Research into the history of the village shows that, like other West Highland and island townships, all of the houses were clustered into a single 'baile' or village before the setting out of crofts by the landlord in the early 1800s.
The Museum of the Isles in Armadale holds original copies of maps of the Clan Donald estate dating from the 1760s, by Stobie, and the maps created by Blackadder in the early 1800s, who was commissioned by Lord MacDonald to survey all of his estates and recommend how to lay them out as crofts.
The 'baile' of Camuscross was held by a 'tacksman' and included lands in Isle Ornsay and also the grazing of Alain, thought to be in Kinloch. The Stobie map shows that the tack included land over Allt na Beiste in what is now Baravaig. The original farmhouse is thought to be the larger house still standing on Croft No 15, which was for a while a school, until the school in Duisdale was built.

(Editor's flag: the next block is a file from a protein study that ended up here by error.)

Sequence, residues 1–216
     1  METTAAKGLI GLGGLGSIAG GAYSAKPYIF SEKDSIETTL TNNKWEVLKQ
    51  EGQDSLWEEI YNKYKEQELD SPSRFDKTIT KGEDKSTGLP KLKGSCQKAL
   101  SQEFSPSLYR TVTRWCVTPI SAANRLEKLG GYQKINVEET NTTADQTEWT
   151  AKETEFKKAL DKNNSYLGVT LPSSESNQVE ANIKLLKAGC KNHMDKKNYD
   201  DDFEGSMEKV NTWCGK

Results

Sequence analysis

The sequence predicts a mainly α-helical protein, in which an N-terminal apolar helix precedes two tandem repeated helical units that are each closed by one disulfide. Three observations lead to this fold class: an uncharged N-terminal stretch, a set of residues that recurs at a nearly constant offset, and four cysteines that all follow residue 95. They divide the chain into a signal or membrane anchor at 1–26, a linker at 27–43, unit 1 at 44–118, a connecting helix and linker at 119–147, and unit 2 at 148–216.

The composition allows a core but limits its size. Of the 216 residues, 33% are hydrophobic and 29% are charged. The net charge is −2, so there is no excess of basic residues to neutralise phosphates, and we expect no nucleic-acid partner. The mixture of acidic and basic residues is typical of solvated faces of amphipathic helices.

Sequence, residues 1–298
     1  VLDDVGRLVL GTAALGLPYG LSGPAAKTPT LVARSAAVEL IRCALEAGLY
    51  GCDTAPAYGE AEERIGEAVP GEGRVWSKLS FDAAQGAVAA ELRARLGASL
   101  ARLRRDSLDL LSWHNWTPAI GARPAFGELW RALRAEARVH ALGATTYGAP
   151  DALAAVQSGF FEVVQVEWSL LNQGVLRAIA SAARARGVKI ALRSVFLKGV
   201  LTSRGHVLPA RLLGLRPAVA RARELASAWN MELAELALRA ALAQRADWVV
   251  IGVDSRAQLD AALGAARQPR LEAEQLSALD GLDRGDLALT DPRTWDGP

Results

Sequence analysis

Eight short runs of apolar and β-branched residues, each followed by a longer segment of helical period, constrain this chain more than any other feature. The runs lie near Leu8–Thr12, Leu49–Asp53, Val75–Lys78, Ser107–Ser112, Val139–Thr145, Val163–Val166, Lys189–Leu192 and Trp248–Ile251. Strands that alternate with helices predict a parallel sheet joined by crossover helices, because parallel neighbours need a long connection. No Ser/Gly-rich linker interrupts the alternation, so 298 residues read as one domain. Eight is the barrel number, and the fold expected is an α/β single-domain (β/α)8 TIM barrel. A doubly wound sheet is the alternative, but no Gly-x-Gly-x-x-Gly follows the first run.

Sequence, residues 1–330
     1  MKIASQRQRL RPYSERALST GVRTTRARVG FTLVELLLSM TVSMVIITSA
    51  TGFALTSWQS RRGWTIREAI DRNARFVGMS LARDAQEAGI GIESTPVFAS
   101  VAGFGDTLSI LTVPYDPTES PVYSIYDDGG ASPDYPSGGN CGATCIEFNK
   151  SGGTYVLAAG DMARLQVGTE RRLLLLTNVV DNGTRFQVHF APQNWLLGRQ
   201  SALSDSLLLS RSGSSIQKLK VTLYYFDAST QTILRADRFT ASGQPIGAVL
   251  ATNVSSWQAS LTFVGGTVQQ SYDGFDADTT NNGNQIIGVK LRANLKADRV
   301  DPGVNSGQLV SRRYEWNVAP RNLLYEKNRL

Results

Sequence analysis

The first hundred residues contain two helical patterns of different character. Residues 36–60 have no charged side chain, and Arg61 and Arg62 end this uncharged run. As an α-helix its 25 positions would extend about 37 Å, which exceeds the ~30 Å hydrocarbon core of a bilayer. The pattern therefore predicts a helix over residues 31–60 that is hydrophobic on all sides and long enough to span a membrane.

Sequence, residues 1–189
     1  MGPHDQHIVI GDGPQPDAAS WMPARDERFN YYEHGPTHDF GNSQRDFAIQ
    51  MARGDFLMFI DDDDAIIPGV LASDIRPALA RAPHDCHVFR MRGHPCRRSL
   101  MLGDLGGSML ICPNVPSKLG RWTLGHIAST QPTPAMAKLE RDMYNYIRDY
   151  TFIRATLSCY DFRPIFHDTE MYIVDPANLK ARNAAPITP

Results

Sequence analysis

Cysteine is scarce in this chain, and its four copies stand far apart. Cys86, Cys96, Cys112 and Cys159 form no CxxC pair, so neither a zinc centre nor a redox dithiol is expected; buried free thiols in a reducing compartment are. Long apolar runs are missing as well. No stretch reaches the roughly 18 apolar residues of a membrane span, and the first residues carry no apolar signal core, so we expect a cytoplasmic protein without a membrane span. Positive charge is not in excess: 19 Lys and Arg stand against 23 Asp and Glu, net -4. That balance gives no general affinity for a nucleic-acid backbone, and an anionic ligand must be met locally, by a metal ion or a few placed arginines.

Photo of Camuscross in 1907
Blackadder drew up a township of 40 crofts. However, the crofts were very small: 2 to 3 acres on average, and the hill grazing is less than a tenth of the size of most other Sleat townships - although with many more crofters. It is thought that the crofts were deliberately made too small to live on, in order to 'encourage' the inhabitants to become fishermen during the herring boom.
Isle Ornsay harbour was reckoned to be one of the most promising harbours in the whole of Skye, and at one time was the major port for connections to the mainland. Isle Ornsay post office, then situated where the estate office now is, was the main post office for the whole of Sleat.
Isle Ornsay harbour also saw the departure of emigration ships - the William Nichol, a Government emigration ship left on 6th July, 1837, bound for Australia. The Sillery departed on Sept 7th, 1853 for Canada. On board were people who had been cleared from Knoydart and the Glengary estates, to make room for sheep. A story local to Camuscross tells that the people were brought over in boats to the ship. moored in Isle Ornsay Bay, but that 4 young men from Inverguiseran 'escaped' and walked over the hills to Lochaber.
The Canadian Emigration Report of 1853 states:
Taken from Emigration. Papers Relative to Emigration to The British Provinces in